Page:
“Carmon committed 10 errors in his first 15 games but went on to commit just three errors over his final 34 games. His feet and hands are just so quick the coaching staff had to convince him to slow things down and when he did he became the defensive backbone of the infield.
At the plate he managed just 10 hits in 50 at bats to start his pro career. He started to work the count deeper and draw more walks and as a result his batting average started to climb. He battled some an illness and an oblique strain but when he came back from the DL for the stretch run he hit safely in 12 of 13 games and really became the top of the order rabbit the Ems were looking for to set the table.”
Never has the term rabbit been such a compliment. To the next prospect on our list I say, “What’s up, Doc?”
One of the staples of the 2012 TinCaps team was its strong bullpen; arms like Matt Stites, Johnny Barbato and James Needy were consistently relied upon to get big out after big out on the run to the Midwest League Championship series. Matt Chabot looks like he could be another reliable arm.
The 21-year-old from Riverside, California, stayed at home for college and went to Riverside City College. After two years at RCC, he was selected by the Padres in the 21st round of the 2012 draft. In addition to getting some interest from the Padres, he also had workouts with both the Rockies and Yankees.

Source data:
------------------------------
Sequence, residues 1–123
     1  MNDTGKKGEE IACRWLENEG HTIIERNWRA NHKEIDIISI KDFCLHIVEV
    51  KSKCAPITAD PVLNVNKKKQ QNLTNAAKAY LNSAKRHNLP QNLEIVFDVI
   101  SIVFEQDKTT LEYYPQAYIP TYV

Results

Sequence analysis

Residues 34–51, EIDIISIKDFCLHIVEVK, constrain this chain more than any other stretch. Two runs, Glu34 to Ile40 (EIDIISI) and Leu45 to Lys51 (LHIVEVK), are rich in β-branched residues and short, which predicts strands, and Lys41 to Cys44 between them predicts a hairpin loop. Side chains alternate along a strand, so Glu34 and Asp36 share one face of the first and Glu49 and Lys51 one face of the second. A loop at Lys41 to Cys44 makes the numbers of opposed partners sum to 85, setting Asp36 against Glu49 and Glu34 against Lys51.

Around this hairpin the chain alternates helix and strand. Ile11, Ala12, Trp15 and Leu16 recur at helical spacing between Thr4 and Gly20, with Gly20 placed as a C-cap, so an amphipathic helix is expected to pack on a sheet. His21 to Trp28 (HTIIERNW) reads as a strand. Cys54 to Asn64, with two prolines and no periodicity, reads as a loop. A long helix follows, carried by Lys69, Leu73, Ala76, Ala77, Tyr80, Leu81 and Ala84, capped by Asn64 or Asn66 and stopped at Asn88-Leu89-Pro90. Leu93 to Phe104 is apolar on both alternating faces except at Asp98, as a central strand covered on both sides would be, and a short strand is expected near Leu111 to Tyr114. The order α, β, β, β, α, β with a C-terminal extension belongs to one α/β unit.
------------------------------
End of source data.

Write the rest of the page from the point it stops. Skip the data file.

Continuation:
In 25 relief outings with the Emeralds he was 0-0 with a 2.17 ERA, including two saves in as many opportunities. He didn’t give up a hit in the first six innings he worked and didn’t allow an earned run until his seventh professional appearance. He struck out 23 batters, walked 11 and surrendered seven earned runs.
Here’s a link to his full stats page from last season: http://www.milb.com/milb/stats/stats.jsp?sid=milb&t=p_pbp&pid=621187
Like the aforementioned Stephen Carmon, Joe Church was a senior sign for the Padres this past year, as they took the Princeton, West Virginia, native in the 17th round. Church, though, is a more difficult case study when it comes to trying to translate a college career into a professional one. I, again, claim no expertise on the extrapolation of college stats–or really any numbers for that matter. Why do you think I majored in journalism? (As a side note–the only math class I took in college featured open-textbook(!) tests, and I still couldn’t get an A in the class. We move on…)